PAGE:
Meet the Publisher - Decadence Comics

A Q&A interview with Stathis Tsemberlidis of Decadence Comics, an independent publisher, comic anthology and collective based between Copenhagen, Athens and London

Tsemberlidis, Transmutations, ink drawings, installation view, Momentum 9, Norway

Courtesy of Decadence Comics

What made you first want to start publishing books?

Decadence Comics came about as a reaction to what we were seeing and experiencing back in 2003. Everything seemed fictional, our western societies were mutating into selfish entities, with power being taken away from the individual and given over to monstrous corporations.

Immoral consumerism replaced the importance of living and acting in solidarity. Self publishing seemed logical for the kind of stories we wanted to publish, it didn't seem like any publishers were publishing comics like this at the time.

How important are ideas of collecting to the publishing industry?

It has always been our way of working to make a consistent and considered design aesthetic to our books even though the themes and concepts vary. This has perhaps made them more desirable to collect, but is not our main concern in publishing them.

Tsemberlidis, Prismatik Man, A1 prints, installation view, Vermillion Sands

Courtesy of Decadence Comics

Do you think that books belong in museums? If so why, if not why not?

While a book might struggle to find a place in the format of modern family-accessible museums, I think they can play an important part in an archive of work from specific times and movements. To see the first editions of books, how they are made and the design choices in their physicality can give an insight into how they were received at the time.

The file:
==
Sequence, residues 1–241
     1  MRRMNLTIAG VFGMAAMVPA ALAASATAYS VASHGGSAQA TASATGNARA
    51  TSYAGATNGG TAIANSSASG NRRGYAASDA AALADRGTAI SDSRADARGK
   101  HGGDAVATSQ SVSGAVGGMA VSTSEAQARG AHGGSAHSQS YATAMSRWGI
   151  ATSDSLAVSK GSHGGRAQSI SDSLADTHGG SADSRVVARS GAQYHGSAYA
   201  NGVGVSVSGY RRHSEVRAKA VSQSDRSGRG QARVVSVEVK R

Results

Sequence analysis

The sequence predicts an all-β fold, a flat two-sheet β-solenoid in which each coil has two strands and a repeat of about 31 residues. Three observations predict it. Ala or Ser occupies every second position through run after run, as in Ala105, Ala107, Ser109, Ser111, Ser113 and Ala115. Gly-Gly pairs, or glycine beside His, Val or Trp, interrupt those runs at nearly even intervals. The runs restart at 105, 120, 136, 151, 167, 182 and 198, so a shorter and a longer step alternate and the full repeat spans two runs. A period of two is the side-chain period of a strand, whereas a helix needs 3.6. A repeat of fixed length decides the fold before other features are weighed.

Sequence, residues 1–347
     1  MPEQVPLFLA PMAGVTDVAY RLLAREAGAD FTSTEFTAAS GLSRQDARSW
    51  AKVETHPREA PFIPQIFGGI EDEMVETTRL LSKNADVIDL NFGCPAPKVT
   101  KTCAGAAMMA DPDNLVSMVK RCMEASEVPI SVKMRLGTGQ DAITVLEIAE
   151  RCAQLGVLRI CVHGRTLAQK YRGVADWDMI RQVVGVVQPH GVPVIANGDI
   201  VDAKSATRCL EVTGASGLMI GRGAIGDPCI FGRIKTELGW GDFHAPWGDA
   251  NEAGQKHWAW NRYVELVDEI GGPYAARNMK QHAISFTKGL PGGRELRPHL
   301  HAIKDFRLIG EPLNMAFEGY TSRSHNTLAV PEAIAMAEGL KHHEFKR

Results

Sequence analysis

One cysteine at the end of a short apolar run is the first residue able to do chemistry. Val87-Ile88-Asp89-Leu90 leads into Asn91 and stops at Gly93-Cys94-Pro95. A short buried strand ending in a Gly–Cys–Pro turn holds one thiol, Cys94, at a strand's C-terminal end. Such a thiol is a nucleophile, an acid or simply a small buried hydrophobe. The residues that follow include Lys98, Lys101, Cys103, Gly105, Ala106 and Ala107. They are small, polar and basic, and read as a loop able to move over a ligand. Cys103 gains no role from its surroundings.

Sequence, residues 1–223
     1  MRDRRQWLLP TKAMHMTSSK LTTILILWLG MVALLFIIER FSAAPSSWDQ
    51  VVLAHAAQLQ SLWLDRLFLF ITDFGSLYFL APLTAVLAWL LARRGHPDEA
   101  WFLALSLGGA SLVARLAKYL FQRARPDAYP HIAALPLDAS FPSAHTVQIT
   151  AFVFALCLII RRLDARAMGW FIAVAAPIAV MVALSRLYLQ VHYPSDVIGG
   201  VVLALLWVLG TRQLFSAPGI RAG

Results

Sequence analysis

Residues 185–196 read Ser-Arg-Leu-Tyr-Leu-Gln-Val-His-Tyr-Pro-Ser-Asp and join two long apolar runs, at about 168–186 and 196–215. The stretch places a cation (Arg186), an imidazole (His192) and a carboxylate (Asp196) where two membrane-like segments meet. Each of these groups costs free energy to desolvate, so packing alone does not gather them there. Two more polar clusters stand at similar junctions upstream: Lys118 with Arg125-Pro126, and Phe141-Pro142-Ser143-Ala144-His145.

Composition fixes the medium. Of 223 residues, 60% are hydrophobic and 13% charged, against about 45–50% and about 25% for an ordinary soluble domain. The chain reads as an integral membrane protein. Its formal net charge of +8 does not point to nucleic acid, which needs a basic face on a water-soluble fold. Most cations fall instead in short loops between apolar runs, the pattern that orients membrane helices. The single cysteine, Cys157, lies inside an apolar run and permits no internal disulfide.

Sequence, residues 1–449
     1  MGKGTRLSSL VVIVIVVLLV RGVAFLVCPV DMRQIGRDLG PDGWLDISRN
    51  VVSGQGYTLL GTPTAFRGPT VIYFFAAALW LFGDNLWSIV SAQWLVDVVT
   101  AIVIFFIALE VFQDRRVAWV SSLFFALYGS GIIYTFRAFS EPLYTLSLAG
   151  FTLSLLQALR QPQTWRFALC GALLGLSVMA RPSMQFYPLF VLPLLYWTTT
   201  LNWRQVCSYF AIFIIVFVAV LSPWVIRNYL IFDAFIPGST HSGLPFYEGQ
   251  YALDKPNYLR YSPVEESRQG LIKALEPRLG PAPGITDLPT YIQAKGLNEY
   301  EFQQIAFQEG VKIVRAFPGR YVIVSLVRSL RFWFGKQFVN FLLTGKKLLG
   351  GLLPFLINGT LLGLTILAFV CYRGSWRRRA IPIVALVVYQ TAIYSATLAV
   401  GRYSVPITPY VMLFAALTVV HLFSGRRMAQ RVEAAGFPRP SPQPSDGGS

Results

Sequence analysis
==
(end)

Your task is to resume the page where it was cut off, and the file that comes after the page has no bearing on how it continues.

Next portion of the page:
Tsemberlidis, Transmutations, ink drawings, detail

Courtesy of Decadence Comics

Have there been particular books that had a big impact on you in terms of the way you approach book-making/publishing?

Manga comics have been a massive inspiration in terms of our approach to book-making and publishing. There was a strong desire to capture the liberating energy of the manga medium, printed on cheap off white paper in black and white and being easily accessible to the audience due to cheap mass production techniques. We experimented a lot with the risograph printing format to capture a specific zine aesthetic, based around them being affordable and easily available.

Do you collect books? What sort of books interest you most?

We are both into collecting books and comics. We are interested in science fiction, history, philosophy books as well as Japanese manga and the early 70s European comic scene.

Lando, Propagation and seed dispersal of human/plants hybrids on 625B, book detail

Courtesy of Decadence Comics